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Microsoft Exchange Proxy Token: Backend access without authentication

Microsoft Exchange Proxy Token: Backend access without authentication

In April, another, previously unknown loophole in the Microsoft Exchange server was closed. The proxy token cleverly bypasses the authorization to access the structure of the Exchange account. The attacker can use it to redirect incoming mail from the Exchange user to another account.

When using a proxy token space, the attacker plays the exchange front end and back end against each other. To do this, mark the front node with a special cookie SecurityTokenThe backend will be ready for recognition. This is a function for logging into complex exchange installations (“Authorized Authorization” in cross-forest topography).

Unfortunately, in standard configuration, the backend does not support the required DelegatedAuthModule module, instead the front page assumes that it is already authenticated. As a result, the attacker can send his configuration change to the backend without login data.

The gap was discovered by Vietnamese security researcher Le Xuan Tuyen, who reported to ZDI. These describe A blog post The basic problem is now more precise. They also explain that if the attacker has an account on the same server and he can send mail, the current exploit will only work in the default settings.

Microsoft already has the CVE-2021-33766 vulnerability April updates for the exchange Closed. But they did not add the note to the document until August 24th. He also talks about “information exposure vulnerabilities on the Microsoft Exchange server” without further details. The ZDI article currently states that the gap will be closed with the July updates. But a Microsoft employee contradicts him Clarify which CVEs are fixed in which CU desire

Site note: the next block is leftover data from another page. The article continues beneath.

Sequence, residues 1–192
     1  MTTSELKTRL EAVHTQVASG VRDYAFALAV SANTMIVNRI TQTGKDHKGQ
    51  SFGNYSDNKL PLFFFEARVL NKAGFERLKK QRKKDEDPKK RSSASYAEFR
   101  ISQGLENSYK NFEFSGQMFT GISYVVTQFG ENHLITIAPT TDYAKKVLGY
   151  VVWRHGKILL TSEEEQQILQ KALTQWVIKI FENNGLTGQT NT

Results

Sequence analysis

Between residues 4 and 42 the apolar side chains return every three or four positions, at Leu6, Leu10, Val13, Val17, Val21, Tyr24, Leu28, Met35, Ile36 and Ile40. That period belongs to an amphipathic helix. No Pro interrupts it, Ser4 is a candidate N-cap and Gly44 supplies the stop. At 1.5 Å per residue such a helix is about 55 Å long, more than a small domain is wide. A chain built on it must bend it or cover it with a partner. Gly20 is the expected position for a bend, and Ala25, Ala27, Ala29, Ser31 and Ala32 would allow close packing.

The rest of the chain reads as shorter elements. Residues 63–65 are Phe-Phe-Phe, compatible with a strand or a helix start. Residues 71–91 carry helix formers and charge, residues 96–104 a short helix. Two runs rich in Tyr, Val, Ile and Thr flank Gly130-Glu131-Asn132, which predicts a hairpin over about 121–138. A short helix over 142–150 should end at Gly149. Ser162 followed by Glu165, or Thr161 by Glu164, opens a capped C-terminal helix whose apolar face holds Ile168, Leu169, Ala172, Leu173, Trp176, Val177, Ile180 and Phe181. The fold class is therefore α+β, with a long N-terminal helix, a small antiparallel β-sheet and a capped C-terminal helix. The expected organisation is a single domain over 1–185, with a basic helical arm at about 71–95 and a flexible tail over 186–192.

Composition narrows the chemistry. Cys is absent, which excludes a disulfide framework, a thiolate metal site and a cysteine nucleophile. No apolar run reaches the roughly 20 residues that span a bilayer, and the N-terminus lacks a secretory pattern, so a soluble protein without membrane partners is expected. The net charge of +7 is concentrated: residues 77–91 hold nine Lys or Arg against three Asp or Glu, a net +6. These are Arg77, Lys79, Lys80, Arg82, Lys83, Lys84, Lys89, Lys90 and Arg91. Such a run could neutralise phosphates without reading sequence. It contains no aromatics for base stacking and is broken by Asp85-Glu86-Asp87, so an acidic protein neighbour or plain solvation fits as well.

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Microsoft’s patch policy for the Exchange has already received a lot of criticism. Poorly documented or undocumented security connections unnecessarily complicate the work of administrators. Inseparable confusion between overall updates, which can lead to repeated changes in operation and clean security updates and ultimately insecure transfer servers. One can get the impression that Microsoft emotionally accepts this so that frustrated customers can finally switch to their Microsoft 365 Cloud offer.


(Ju)

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